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Prior Distilling Experience


EricCantina

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Hey guys,

So this question has been brought up many times now while we are talking with potential investors.

Do we have any prior distilling experience?

None of us have, but we're incredibly well educated in spirits from being USBG bartenders and we know this side of the business very well.

So our question to you guys is whether you had actual distilling experience prior to opening your distillery? Whether it be working at bars, distributors, or brokers, actually spending some time working at a brewery, winery, or distillery, just taking classes at Siebel or other distilleries, or you just had money and could just jump right into it.

Thanks a lot!

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I think the more important question investors should be asking is if you have any spirits marketing experience. Distilling experience is important but it is (depending on location) easier and cheaper to hire in than a good marketing guy.

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Your insurance company will ask the same thing. So will the bank. And all of your friends, and everyone who walks through the door. I agree with jwymore that marketing is just as if not more important than the distilling side of things, but unless you are only bottling and selling, you need to know how to actually distill, not just pour drinks.

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And to answer your question, I took every class I could, got a fuel alcohol license and made as much fuel alcohol as I could, made as much beer and wine as my friends could drink, and still hired a distiller with more experience than I had. Because I have to know what is going on in the next room.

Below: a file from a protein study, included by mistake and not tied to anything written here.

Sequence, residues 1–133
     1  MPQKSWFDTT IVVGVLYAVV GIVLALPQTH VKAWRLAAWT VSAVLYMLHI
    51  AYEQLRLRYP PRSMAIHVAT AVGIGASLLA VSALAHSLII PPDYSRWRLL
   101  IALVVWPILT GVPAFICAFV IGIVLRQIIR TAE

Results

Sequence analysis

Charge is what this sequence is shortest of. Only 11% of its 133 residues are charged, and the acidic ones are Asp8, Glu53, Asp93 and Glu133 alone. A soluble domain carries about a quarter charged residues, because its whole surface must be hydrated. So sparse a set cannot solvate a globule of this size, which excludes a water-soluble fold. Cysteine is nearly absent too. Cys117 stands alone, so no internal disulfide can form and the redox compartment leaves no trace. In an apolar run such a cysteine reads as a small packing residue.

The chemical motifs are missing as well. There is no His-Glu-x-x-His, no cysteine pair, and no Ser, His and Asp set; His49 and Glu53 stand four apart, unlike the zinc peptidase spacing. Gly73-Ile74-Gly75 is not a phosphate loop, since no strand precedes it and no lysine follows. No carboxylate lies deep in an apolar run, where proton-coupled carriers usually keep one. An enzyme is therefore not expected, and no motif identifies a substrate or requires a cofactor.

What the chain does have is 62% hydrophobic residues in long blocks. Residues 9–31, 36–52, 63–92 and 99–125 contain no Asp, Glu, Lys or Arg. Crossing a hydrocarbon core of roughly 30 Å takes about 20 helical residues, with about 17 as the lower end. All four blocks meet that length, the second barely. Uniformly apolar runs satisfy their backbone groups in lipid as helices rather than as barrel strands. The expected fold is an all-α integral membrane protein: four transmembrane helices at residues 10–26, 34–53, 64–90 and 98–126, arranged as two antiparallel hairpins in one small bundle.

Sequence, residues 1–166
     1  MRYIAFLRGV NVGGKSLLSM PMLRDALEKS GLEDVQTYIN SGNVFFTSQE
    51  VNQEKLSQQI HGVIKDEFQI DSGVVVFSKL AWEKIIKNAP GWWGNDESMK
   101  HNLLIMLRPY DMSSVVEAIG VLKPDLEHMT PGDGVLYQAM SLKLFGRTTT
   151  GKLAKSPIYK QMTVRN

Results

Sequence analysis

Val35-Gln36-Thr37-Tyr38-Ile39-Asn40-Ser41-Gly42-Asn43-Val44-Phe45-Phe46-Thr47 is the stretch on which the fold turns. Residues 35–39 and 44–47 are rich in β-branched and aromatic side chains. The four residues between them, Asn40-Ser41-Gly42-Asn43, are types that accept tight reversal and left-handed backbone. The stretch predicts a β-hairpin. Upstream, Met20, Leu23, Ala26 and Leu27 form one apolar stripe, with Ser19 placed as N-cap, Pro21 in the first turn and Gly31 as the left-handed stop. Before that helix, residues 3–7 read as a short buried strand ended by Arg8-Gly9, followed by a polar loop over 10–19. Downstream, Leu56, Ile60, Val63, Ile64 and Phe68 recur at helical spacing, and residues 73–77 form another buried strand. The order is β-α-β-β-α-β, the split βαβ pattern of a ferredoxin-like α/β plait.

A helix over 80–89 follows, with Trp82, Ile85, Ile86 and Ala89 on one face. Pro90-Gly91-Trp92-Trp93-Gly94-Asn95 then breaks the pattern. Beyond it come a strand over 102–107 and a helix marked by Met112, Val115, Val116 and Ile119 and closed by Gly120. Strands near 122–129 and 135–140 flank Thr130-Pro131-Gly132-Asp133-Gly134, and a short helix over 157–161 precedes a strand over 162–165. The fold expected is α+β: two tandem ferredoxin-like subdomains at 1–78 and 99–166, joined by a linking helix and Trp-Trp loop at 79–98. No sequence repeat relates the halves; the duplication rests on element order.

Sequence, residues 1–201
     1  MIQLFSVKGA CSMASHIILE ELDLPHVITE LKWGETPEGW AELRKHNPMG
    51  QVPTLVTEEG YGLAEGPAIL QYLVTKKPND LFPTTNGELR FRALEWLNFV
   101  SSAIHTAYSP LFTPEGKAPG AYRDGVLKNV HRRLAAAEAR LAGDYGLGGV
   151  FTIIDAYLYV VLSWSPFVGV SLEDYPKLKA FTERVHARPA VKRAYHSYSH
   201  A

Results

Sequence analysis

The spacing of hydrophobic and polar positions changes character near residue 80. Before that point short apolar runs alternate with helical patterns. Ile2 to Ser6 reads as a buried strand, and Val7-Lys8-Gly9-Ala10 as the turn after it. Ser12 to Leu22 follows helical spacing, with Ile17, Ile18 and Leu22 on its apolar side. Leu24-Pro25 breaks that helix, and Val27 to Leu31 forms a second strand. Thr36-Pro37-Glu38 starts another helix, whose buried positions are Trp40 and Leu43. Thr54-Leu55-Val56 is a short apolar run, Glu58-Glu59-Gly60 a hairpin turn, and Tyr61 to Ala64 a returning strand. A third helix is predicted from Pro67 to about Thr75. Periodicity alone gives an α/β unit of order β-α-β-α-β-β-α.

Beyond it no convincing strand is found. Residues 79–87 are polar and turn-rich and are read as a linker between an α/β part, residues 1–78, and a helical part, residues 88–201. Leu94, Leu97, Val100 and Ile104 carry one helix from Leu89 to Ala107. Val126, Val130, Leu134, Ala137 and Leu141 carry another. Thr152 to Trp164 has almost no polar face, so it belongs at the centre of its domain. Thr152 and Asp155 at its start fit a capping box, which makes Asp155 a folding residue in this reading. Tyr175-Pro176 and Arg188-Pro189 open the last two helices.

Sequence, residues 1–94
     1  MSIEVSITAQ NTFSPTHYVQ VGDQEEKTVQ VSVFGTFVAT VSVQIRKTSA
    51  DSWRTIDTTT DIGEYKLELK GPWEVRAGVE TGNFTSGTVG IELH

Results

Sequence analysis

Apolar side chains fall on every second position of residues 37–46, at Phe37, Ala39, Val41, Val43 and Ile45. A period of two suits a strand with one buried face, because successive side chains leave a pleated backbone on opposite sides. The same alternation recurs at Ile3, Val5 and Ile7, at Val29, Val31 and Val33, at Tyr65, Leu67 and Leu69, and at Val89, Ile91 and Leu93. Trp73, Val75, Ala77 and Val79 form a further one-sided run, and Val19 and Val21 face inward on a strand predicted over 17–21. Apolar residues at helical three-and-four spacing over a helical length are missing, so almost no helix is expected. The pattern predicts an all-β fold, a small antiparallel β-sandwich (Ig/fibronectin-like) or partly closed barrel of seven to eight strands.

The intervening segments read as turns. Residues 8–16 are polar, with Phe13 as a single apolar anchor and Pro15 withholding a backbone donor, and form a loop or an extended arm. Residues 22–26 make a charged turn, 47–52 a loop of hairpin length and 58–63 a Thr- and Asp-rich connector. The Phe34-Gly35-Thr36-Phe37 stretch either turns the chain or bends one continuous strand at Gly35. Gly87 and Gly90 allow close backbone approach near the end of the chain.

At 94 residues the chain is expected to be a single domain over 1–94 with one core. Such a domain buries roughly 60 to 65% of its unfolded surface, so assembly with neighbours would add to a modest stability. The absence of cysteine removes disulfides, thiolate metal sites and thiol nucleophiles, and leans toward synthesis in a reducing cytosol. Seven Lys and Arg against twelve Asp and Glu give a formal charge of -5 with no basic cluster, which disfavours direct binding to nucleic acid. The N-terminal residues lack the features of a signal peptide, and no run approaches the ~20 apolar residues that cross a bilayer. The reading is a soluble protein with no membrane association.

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Like any job interview, your answer needs to be factual and explain to them why you are qualified to operate a distillery. An answer that starts with "No, but I have ..." can be a successful answer.

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Like any job interview, your answer needs to be factual and explain to them why you are qualified to operate a distillery. An answer that starts with "No, but I have ..." can be a successful answer.

I totally agree with this and that's how we've been answering.

Marketing and sales is definitely our greatest strength since we are all bartenders and either know or are 1 introduction away from all the bartenders or bar managers in our region.

And we've taken the Siebel course and have done some hands on work days at other distilleries.

We're just gauging how many people come to opening their own distillery with actual distilling experience prior.

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We had no prior professional distilling experience prior to opening our distillery in August 2012.

We purchased a Hillbilly still to try experimental recipes with while waiting for our main column still to arrive.

Three months later we got a gold medal with 94 points from the Beverage Testing Institute.

Eight months after opening we got a Double Gold at the San Francisco World Spirits Competition.

So I would say that deep experience prior to opening is not needed in order to produce high quality spirits.

As the others have said, as an investor I would place a higher value on the ability to sell and get distributors. In this business there are very average spirits that sell very strongly due to image and marketing only.

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